SONA: Opposition unimpressed

Opposition parties criticised the SONA, saying it relied on the success of previous presidents.

Western Cape Premier Helen Zille arrives in Parliament for the State of the Nation Address on Thursday. Picture: Siyabonga Sesant/EWN.

CAPE TOWN - Opposition parties have criticised the president's State of the Nation Address (SONA) for missing the real issues and relying too much on the successes of previous presidents.

African National Congress (ANC) Members of Parliament (MPs) rose to their feet in applause in Parliament on Thursday evening after President Jacob Zuma concluded his synopsis of how the country was faring, while opposition MPs sat on the benches in silence.

Democratic Alliance (DA) Parliamentary leader Lindiwe Mazibuko says the president failed to address, what she calls, the country's real issues.

"Why is our education system in shambles?"

DA leader Helen Zille says Zuma shouldn't have focused on the past as much as he did.

"That is a good story that should be told by former President Mbeki, not President Zuma - it isn't his story to tell. South Africa has gone back under Zuma's leadership."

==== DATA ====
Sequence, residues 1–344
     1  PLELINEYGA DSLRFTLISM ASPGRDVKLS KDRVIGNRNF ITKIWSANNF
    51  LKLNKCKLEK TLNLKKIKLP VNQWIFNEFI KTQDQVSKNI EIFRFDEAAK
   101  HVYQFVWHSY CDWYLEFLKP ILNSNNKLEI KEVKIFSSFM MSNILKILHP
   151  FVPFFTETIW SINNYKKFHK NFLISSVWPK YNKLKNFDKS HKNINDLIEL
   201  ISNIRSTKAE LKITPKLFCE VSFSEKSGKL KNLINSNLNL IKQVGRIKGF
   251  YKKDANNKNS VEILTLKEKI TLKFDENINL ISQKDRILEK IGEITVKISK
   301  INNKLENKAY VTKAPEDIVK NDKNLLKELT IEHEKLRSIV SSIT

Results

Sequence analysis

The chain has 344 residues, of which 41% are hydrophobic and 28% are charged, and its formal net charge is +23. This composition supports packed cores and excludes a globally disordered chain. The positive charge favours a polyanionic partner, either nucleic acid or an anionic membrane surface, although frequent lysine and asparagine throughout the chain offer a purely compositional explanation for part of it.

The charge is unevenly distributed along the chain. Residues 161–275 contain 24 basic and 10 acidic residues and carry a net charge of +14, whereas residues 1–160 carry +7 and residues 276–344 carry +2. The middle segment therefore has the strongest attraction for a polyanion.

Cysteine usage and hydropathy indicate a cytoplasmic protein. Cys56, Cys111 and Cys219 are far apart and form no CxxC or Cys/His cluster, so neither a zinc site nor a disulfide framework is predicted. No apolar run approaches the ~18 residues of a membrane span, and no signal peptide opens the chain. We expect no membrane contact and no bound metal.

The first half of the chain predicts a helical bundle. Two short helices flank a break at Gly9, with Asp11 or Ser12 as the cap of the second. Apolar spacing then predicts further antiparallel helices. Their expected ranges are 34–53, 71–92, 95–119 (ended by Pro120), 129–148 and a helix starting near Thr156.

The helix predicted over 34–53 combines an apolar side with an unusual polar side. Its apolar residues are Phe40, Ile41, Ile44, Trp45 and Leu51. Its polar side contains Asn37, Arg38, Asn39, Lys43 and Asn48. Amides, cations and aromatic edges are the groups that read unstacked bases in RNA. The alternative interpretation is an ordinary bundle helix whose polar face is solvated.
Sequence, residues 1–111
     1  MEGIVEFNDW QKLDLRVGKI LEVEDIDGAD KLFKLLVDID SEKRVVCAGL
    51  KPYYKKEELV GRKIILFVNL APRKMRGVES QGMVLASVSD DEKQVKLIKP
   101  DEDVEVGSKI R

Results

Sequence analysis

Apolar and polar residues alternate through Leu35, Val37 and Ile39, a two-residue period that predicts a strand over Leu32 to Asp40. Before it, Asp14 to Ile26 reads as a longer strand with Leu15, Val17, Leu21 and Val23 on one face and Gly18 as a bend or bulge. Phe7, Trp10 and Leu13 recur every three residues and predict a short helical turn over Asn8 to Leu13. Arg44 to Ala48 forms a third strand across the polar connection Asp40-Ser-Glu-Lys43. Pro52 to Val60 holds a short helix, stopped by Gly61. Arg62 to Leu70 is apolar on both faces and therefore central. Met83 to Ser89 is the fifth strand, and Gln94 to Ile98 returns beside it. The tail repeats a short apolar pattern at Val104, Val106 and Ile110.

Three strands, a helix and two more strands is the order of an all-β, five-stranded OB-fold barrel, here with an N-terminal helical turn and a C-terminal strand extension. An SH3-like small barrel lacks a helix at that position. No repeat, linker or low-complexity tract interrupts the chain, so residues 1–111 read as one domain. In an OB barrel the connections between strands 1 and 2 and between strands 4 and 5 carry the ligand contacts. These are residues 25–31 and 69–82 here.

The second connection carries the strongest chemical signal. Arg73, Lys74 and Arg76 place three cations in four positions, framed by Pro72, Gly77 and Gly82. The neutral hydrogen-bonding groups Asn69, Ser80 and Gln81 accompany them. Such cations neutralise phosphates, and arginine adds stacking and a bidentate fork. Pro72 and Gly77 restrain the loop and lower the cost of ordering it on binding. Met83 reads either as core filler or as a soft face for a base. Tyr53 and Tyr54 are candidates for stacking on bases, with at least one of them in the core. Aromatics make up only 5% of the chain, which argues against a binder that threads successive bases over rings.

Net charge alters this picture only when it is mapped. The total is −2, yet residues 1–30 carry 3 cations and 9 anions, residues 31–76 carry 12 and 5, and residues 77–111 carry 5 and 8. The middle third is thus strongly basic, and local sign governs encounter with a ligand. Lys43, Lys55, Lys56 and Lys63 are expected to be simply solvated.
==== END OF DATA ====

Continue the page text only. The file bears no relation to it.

Congress of the People (Cope) Leader Mosiuoa Lekota was scathing in his criticism.

"He hasn't accounted for Nkandla. He didn't say anything to us about what he did with public money and Nkandla."

"This was not a time for the president to be making any promises. This was a time for the president to report on what we've done over the past five years."

He says after the elections, the president's second SONA will spell out the way forward.

"I wish my father had at least seen us gather for the first assembly in 1994 but he knew it was on its way."

Meanwhile, Planning Minister Trevor Manuel was asked if he was going to be back in Parliament and cabinet for the next SONA after the elections.

"I have done 23 years, that's almost as many years as Mandela did in prison - it's a long time. I would like the ANC to make an announcement about my future."


Zuma praised the country's grade 12s and teachers for the increase in last year's matric pass rate.

He said teacher training colleges would be reopened to meet the demand for educators, and more schools were being built.

"We have delivered 370 new schools, replacing other unsuitable structures around the country."

He added there was a good story to tell in the country's higher education sector.

"Student enrollment at universities has increased by 12 percent, while further education and training college enrolments have increased by 90 percent."


Zuma came down hard on service delivery protesters who resorted to violence and destroyed government property.

He also warned police to act within the ambit of the law at all times.

Zuma said any loss of life was serious.

"Also worrying, is what appears to be premeditated violence, as is the case with the use of petrol bombs and other weapons during protests."

For the president's full speech, click here.